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Tue, 06.18.1940

Alston v. The School Board of Norfolk is Decided

*On this date in 1940, Alston v. The School Board of Norfolk was decided. This was a suit instituted by Melvin O. Alston, a Black school teacher of Norfolk, Va., and the Norfolk Teachers' Association, an association composed of the Black school teachers of that city.

From the beginning of segregated public schooling in Norfolk, black teachers made less than their similarly trained white counterparts. By the late 1930s, the disparity in pay was pronounced, with black teachers earning roughly 56 to 72 percent of what their similarly skilled white colleagues made. Dissatisfaction with the situation was high. As trained professionals, African American teachers wanted the same level of respect and status that white teachers had in the community.

As a result, in 1937, with new pressure from the NAACP, the Norfolk Teachers Association (NTA), the city's all-black union, joined with its state-wide body, the Virginia Teachers Association (VTA), in a legal effort to challenge the discriminatory pay scale established by the City of Norfolk.   Oliver Hill of the NAACP’s Legal Defense Fund was legal counsel against the School Board and the Superintendent of Schools of the city. The purpose of the suit is to obtain a judgment, to the policy of defendants which fixes the salaries of Black teachers at a lower rate than that paid to white teachers.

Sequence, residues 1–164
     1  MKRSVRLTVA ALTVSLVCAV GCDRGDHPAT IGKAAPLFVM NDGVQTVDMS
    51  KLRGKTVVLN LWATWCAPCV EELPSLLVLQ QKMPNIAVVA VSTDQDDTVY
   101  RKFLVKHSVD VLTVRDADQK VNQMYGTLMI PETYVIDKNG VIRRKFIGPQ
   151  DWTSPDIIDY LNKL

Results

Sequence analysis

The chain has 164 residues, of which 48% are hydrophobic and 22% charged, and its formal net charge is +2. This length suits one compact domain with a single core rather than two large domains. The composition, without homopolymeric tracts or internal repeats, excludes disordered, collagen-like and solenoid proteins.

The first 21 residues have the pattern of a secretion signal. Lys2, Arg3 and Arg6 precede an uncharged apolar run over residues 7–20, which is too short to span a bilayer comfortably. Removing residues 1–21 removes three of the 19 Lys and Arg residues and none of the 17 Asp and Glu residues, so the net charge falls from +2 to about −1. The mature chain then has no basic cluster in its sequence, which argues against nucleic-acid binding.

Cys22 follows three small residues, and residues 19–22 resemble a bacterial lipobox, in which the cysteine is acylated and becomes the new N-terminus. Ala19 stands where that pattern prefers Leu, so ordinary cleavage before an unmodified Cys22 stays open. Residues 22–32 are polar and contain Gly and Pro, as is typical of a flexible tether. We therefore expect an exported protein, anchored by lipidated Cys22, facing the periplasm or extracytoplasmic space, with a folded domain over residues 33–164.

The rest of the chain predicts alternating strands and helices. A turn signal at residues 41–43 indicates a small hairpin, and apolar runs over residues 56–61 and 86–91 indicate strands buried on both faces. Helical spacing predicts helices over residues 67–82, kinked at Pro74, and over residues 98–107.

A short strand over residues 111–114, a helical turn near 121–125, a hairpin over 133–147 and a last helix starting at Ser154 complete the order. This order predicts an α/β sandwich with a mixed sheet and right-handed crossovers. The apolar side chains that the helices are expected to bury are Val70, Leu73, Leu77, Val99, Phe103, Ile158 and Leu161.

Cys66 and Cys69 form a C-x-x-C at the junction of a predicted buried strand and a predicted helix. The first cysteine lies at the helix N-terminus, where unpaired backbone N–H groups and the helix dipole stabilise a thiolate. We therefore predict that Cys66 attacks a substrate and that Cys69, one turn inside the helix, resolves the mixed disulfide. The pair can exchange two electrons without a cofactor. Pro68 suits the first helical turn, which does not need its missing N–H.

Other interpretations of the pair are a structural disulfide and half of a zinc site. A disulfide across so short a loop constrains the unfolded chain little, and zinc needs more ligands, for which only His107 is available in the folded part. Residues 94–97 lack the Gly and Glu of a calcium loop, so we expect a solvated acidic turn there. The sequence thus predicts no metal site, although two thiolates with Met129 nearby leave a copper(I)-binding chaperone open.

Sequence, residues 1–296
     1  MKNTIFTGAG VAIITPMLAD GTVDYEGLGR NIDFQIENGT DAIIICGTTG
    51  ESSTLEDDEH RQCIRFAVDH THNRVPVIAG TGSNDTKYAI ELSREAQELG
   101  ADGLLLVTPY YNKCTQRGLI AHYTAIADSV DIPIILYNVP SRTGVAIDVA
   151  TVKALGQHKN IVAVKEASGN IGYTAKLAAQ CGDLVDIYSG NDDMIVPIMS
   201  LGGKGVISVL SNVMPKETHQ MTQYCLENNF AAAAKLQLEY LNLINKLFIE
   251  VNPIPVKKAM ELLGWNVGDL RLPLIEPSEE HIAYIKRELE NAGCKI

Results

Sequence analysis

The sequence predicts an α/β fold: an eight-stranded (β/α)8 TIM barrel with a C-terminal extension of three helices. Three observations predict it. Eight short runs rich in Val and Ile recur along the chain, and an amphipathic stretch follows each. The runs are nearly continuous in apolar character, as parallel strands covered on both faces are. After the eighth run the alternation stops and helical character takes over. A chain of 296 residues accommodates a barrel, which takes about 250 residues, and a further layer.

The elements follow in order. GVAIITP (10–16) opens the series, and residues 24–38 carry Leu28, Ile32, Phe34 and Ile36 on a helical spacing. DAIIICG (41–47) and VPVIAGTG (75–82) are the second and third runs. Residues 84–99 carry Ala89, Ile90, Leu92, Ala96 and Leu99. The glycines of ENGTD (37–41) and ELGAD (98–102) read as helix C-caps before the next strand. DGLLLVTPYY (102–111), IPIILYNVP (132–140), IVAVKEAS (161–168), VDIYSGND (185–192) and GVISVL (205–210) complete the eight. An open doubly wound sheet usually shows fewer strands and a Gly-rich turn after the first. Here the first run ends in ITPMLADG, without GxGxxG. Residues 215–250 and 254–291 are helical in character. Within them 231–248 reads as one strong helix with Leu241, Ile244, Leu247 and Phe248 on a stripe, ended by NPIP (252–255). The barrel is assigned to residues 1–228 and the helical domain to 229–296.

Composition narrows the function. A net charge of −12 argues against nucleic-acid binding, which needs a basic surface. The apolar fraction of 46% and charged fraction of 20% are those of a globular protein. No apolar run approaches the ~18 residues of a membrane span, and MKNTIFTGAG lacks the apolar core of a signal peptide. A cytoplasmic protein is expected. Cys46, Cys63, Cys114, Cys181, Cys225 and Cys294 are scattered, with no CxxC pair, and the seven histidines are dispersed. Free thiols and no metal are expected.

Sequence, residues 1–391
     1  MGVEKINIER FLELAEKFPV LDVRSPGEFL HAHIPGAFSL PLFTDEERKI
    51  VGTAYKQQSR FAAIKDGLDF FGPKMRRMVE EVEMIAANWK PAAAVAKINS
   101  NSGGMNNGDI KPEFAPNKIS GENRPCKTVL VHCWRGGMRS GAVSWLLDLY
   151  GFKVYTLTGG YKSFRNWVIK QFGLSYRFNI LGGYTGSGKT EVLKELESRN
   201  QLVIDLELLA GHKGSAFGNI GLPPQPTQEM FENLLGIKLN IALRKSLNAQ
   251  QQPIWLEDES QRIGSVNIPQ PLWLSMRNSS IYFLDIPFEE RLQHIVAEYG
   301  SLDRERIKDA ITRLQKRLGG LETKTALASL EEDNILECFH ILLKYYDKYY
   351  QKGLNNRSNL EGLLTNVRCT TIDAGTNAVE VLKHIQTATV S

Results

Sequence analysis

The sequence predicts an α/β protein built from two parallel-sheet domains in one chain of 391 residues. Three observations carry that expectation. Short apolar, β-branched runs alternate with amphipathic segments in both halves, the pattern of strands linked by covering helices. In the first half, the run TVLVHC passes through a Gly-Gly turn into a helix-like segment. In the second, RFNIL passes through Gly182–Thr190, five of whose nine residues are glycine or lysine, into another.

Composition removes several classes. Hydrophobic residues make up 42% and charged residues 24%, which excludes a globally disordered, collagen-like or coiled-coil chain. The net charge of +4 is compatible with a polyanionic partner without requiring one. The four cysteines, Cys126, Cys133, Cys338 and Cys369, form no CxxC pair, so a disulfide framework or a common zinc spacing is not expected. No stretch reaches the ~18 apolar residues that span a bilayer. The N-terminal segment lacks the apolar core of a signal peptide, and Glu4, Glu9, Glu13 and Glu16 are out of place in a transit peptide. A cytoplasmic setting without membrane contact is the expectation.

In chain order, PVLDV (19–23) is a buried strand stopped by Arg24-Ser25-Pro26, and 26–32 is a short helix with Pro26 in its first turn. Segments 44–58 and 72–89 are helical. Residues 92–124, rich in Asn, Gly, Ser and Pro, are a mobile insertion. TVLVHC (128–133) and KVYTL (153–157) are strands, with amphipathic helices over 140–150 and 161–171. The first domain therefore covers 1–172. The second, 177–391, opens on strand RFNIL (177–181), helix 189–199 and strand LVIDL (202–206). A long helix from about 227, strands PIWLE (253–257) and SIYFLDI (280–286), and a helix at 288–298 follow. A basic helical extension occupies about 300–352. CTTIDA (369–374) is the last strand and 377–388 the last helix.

Both teachers have equal qualifications and experience and perform the same duties and services. The sole basis of race and color was violative of the due process and equal protection clauses of the 14th amendment. The suit was to obtain an injunction restraining defendants from making any distinction on the ground of race or color in fixing the salaries of public-school teachers in Norfolk.

The court issued a declaratory judgment that the school board was required to equalize salaries. The U. S. Supreme Court let the judgment stand and, in effect, the Alston case became the key precedent for equalization lawsuits across the South.

Reference:

ANB.org

Howard.edu

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